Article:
Blake Kimzey founded and directs Writing Workshops.com & Writing Workshops Paris and is a co-founder of The Big Texas Read. He has been awarded fellowships to attend the Squaw Valley Community of Writers and the Vermont Studio Center and received a generous grant from Americans for the Arts Foundation. Kimzey is the author of the book Reunion Briefing.

Where did you grow up and what was your childhood like? Did you have any particular experiences/stories that shaped your adult life? 

I grew up in a small Texas town of 1,200 people and spent most of my time roaming the great outdoors with my brothers, where my imagination could run wild. My mother died when I was just 10. We were already a close family, but after she died we became, even more, close-knit. Her death has shaped my life in the sense that I don’t take anything for granted. Losing her so young influenced my decision to follow my passion because I know all too well that you only get one shot and that this life is beautiful.

What is something you wish you would’ve realized earlier in your life?

That the process is the teacher. You have to learn by doing and that failure is an essential step along a winding and rewarding path to success.

What are bad recommendations you hear in your profession or area of expertise?

As a writer, I hate the expression Write what you know. Sure, write what you know, but also write what you want to know.

Tell me about one of the darker periods you’ve experienced in life. How you came out of it and what you learned from it?

Losing my mother to breast cancer when I was 10 made me realize that tomorrow is never promised. A valuable, if hard lesson to learn at such a young age. As an adult, I wrote my first novel, found an agent, and the book didn’t sell. That was a hard pill to swallow, and humbling, but I’m a better writer because of it and more prepared for success as a result. I’ve learned that if you’re lucky tomorrow will come, you’ll get another chance, and the future is in your hands. But you must be prepared. Those sound like cliches, and they are, but that doesn’t make them any less true. The real trick is not giving up, and I’ve learned your failure resume is just as important as any amount of success you enjoy. You can’t have one without the other.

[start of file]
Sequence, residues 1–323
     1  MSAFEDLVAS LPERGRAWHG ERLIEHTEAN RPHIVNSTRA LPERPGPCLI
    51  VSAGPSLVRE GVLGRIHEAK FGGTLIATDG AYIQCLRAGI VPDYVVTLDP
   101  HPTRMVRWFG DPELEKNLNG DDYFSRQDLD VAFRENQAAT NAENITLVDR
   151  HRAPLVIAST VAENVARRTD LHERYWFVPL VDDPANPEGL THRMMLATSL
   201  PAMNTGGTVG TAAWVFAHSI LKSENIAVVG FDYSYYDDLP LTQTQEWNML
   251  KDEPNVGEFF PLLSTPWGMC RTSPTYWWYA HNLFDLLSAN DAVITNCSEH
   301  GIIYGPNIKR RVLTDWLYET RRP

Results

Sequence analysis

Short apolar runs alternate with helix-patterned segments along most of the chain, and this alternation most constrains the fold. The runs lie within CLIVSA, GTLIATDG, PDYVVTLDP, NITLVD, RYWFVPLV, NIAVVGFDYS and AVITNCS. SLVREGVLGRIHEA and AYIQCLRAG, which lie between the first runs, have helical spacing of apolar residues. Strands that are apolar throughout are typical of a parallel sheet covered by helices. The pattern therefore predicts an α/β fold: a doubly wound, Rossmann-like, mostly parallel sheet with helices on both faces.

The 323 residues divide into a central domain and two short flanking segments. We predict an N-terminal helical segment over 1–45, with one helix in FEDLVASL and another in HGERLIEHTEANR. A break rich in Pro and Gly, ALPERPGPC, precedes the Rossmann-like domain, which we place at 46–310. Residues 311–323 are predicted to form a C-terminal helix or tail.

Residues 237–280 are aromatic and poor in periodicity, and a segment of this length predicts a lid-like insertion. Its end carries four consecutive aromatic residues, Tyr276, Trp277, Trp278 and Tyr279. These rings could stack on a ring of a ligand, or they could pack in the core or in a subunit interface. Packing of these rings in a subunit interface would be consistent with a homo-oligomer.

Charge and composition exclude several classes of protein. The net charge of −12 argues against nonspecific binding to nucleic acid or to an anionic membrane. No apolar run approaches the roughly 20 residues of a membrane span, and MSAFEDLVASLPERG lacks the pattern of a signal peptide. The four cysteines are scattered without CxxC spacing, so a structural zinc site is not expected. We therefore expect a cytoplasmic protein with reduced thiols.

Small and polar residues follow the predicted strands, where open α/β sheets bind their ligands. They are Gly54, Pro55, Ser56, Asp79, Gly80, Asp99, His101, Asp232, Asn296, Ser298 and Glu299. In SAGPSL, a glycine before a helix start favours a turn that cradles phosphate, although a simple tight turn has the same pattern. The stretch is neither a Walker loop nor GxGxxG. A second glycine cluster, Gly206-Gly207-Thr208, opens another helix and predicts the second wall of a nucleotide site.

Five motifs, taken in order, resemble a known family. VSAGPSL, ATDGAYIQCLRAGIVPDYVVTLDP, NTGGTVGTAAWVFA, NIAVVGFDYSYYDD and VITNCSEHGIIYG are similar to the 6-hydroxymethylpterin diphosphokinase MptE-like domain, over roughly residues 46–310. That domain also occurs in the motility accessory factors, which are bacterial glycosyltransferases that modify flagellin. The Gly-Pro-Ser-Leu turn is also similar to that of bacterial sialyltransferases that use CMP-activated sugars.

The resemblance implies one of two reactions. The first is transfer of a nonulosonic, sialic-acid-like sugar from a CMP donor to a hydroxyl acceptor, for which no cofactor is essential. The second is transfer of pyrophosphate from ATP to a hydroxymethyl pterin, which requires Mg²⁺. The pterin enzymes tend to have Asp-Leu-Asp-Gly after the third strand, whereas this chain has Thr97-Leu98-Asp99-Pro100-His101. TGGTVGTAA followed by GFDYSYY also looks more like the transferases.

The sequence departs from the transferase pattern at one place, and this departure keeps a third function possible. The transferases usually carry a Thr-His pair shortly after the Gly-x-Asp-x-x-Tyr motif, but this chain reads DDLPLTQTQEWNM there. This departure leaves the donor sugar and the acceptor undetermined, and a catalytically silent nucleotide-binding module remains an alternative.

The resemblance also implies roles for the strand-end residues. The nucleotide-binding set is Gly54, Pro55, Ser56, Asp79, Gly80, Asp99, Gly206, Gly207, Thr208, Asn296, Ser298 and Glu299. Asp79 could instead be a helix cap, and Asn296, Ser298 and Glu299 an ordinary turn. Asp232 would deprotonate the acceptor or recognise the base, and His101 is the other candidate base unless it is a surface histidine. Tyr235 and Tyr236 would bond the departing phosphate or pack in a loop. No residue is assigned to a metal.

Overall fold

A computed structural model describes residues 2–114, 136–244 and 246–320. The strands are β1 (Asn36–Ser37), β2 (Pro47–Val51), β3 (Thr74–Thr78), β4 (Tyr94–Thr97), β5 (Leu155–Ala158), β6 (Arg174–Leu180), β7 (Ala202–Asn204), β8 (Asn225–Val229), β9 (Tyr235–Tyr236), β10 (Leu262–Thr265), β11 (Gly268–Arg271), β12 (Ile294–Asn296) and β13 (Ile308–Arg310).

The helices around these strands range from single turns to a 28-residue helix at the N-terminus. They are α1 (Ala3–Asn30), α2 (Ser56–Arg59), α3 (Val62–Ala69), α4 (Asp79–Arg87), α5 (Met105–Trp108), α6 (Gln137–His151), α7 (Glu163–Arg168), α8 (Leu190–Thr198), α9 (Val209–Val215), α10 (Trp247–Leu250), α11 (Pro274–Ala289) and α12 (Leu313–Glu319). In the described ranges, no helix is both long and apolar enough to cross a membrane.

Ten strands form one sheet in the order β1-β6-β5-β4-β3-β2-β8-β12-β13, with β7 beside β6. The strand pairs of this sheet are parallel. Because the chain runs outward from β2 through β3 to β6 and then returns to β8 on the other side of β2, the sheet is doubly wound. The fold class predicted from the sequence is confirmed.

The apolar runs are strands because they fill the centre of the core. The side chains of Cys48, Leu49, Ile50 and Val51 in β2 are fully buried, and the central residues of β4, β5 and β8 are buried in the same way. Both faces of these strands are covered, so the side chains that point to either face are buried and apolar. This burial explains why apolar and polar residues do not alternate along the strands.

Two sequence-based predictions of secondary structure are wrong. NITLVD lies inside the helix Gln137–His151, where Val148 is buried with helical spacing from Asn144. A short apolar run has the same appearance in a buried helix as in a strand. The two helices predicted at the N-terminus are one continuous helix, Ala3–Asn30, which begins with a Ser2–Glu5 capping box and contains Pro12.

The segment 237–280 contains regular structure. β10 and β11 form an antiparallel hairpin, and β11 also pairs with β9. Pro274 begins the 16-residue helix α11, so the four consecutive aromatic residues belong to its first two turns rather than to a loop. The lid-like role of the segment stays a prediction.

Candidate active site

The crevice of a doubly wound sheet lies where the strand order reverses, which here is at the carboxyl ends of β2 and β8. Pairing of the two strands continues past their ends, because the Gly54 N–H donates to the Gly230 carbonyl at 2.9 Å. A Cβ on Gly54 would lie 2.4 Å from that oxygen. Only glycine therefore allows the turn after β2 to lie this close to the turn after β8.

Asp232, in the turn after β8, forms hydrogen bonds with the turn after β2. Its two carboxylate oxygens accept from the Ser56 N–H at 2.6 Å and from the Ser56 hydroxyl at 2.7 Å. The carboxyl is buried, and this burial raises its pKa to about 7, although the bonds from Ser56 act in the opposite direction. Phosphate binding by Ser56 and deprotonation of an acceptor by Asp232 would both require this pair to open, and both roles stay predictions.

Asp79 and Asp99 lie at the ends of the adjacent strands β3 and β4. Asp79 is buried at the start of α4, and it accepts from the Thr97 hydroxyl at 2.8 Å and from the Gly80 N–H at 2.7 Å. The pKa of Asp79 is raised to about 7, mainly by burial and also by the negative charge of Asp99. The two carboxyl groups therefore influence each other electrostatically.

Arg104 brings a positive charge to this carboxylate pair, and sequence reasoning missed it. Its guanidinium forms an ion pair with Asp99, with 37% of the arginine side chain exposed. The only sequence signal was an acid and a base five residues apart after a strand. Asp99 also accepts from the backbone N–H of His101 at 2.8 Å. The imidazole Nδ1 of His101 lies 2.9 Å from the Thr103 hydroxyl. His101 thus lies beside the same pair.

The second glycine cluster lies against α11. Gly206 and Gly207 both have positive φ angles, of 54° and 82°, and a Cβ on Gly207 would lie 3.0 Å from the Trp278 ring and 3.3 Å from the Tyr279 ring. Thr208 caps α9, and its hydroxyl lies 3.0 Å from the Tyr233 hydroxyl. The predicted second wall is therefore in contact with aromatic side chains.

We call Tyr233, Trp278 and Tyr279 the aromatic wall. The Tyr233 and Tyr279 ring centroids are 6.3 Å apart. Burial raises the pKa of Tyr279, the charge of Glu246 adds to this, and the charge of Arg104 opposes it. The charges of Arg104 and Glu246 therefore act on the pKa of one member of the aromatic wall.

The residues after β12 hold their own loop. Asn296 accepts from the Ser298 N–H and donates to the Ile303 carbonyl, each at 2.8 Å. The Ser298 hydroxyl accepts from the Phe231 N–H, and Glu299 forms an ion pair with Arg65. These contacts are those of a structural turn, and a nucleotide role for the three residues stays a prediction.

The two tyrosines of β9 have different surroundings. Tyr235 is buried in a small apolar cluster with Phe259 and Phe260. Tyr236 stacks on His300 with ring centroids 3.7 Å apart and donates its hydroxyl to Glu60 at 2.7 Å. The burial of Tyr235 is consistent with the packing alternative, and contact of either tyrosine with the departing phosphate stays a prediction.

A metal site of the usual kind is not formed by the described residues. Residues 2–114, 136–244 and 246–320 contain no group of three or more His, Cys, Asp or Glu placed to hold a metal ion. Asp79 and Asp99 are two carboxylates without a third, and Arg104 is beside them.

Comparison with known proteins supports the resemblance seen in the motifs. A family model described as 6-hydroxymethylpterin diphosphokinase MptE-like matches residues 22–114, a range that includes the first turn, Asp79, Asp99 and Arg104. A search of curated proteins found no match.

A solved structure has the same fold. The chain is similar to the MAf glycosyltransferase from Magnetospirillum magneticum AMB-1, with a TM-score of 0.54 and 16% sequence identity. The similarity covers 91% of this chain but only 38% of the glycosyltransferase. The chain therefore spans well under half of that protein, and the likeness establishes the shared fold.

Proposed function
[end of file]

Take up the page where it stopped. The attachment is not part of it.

What is one thing that you do that you feel has been the biggest contributor to your success so far?

My perseverance.

What is your morning routine?

We have young kids, so we wake up early, before sunrise, and get breakfast going and everyone where they need to be for the day. My wife is an artist, and so we both know the value of uninterrupted work, and so we don’t waste any time getting going.

What habit or behavior that you have pursued for a few years has most improved your life?

I love practicing gratitude each day. It helps me see blessings right in front of me and be mindful and thankful for who I get to spend my life with my wife and three kids. Gratitude begets joy, and there is no substitute for that. My gratitude allows me to see I’m living a life of my own design, with the people I hold dearest, and that keeps me going on the days when the work is tough.

What are your strategies for being productive and using your time most efficiently?

I like to work on creative projects in the morning when I’m most fresh, and have coffee close by. I reserve the rest of the day for phone calls, emails, and strategy/planning for my business, WritingWorkshops.com.

Can you give our readers an introduction to your business? Maybe you can share a bit about what you do and what sets you apart from others?

Writing Workshops are for writers who want to strengthen their voice, develop a greater understanding of craft, and forge a path to publication along the way. With the current pandemic, we have Moved All of Our Classes Online and created a virtual book club called The Big Texas Read. In these uncertain times, our mission remains the same: to bring your writing out of the wilderness and into the community. We offer writing courses, seminars, and individual consultations to fiction writers, nonfiction writers, poets, and screenwriters. No matter the stage of your career, there is a place for you at Writing Workshops. Our classes are inclusive and intentionally small, offered on a rolling basis throughout the year, and taught by award-winning authors. Our programs have been featured in Poets&Writers, Book Riot, Forbes, The Dallas Morning News, San Francisco Chronicle, D Magazine, KERA Art&Seek, and elsewhere. You can Browse All Classes Here.

What book(s) have influenced your life the most? Why?

When I was in 6th grade I stayed home with strep throat and read Jurassic Park by Michael Crichton. That novel made me want to be a writer. Reading A Severe Mercy by Sheldon Vanauken just after I got married reminded me to cherish those closest to me, especially my wife, and now, my three children.

Do you have any quotes you live by or think of often?

Comparison is the thief of joy and Treat others as you want to be treated.